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Statistical Inference: Likelihood to Significance
D. A. S. Fraser
Journal of the American Statistical Association
Vol. 86, No. 414 (Jun., 1991), pp. 258-265
Stable URL: http://www.jstor.org/stable/2290557
Page Count: 8
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The concepts of likelihood and significance were defined and initially developed by R. A. Fisher, but followed almost separate and distinct routes. We suggest that a central function of statistical inference is in fact the conversion of the first, likelihood, into the second, significance: a linking of the Fisher concepts. A first-order asymptotic route for this is incorporated into most statistical packages. It uses the standardized maximum likelihood estimate, the standardized score, or the signed square root of the likelihood ratio statistic as arguments for the standard normal distribution function, thus giving approximate tail probabilities or observed levels of significance. Recent third-order asymptotic methods provide a substantial increase in accuracy but need the first derivative dependence of likelihood on the data value as an additional input. This can be envisaged as the effect on the likelihood function of dithering the data point. Extensions to the multivariate, multiparameter context are surveyed, indicating major areas for continuing research.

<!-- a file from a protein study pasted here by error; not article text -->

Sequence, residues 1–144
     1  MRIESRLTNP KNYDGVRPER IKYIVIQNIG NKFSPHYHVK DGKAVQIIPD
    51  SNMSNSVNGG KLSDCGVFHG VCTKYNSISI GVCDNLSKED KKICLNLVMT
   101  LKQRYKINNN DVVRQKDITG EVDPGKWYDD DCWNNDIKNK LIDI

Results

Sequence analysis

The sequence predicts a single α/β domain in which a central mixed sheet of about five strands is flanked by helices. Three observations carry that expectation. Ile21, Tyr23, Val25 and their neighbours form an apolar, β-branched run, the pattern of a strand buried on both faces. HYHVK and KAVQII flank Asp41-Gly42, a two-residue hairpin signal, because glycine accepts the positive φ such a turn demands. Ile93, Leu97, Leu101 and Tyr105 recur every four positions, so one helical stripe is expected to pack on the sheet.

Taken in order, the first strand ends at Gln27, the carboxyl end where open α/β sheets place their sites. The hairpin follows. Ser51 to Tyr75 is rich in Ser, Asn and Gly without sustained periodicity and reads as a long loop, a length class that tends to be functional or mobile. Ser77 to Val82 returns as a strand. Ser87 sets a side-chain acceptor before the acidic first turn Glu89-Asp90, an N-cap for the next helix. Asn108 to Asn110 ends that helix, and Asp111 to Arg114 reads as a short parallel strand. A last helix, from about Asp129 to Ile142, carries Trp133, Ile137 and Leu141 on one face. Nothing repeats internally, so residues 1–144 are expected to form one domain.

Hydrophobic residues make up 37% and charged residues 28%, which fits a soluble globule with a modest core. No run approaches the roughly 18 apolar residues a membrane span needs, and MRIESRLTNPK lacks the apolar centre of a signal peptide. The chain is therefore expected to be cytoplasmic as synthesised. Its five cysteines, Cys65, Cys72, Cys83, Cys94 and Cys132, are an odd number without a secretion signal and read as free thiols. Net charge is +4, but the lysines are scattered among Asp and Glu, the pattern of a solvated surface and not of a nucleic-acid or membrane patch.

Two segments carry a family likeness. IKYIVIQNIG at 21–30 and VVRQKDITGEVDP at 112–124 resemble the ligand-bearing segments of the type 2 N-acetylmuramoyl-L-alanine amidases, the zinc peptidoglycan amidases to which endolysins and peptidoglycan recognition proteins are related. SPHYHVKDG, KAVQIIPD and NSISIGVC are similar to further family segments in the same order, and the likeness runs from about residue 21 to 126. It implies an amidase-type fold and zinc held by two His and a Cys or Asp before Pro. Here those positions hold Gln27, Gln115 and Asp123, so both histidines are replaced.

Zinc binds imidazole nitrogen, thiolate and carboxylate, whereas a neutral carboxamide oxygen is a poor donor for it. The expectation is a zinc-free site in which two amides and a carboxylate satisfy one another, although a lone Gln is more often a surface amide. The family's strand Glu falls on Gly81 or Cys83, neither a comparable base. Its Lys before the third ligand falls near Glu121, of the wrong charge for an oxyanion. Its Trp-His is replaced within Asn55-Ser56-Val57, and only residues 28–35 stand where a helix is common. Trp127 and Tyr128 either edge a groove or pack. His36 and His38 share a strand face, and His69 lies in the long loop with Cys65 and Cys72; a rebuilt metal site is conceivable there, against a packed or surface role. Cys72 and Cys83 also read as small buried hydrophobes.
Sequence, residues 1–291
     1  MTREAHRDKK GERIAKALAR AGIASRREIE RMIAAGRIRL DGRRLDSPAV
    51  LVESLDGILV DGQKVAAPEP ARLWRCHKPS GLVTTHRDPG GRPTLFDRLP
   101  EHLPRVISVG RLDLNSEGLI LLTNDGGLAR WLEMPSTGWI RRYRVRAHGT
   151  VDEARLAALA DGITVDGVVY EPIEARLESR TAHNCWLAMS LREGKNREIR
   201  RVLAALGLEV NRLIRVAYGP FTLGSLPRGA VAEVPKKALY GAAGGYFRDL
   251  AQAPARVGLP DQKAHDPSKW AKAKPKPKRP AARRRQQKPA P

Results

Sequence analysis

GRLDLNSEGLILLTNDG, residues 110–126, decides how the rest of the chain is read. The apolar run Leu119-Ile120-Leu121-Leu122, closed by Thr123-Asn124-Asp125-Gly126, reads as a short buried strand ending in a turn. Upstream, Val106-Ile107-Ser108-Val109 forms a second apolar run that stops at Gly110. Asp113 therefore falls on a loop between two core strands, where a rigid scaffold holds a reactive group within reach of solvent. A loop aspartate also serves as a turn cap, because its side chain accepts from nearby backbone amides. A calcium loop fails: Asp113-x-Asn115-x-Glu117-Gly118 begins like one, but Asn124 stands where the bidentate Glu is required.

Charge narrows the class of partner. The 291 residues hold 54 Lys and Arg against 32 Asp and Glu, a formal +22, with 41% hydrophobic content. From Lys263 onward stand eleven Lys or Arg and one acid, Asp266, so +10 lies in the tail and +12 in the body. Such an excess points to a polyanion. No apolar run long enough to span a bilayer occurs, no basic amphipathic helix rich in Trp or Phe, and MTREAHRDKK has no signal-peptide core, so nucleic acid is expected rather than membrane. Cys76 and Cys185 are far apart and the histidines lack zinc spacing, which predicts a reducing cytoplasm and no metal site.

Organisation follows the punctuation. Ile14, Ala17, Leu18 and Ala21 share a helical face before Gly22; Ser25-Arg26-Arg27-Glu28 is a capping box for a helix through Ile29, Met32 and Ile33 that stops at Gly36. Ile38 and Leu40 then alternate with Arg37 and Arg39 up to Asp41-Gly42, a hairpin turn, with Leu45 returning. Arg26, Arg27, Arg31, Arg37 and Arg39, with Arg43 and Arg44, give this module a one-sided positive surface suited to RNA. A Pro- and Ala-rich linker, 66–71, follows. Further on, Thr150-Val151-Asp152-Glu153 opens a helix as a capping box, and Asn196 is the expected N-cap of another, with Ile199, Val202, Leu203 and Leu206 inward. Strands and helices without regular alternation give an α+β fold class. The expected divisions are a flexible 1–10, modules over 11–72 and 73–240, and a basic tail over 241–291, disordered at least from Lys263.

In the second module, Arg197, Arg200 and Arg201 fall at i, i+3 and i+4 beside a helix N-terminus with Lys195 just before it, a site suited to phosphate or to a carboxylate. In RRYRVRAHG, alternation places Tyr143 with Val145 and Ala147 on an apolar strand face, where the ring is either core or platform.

Journal of the American Statistical Association © 1991 American Statistical Association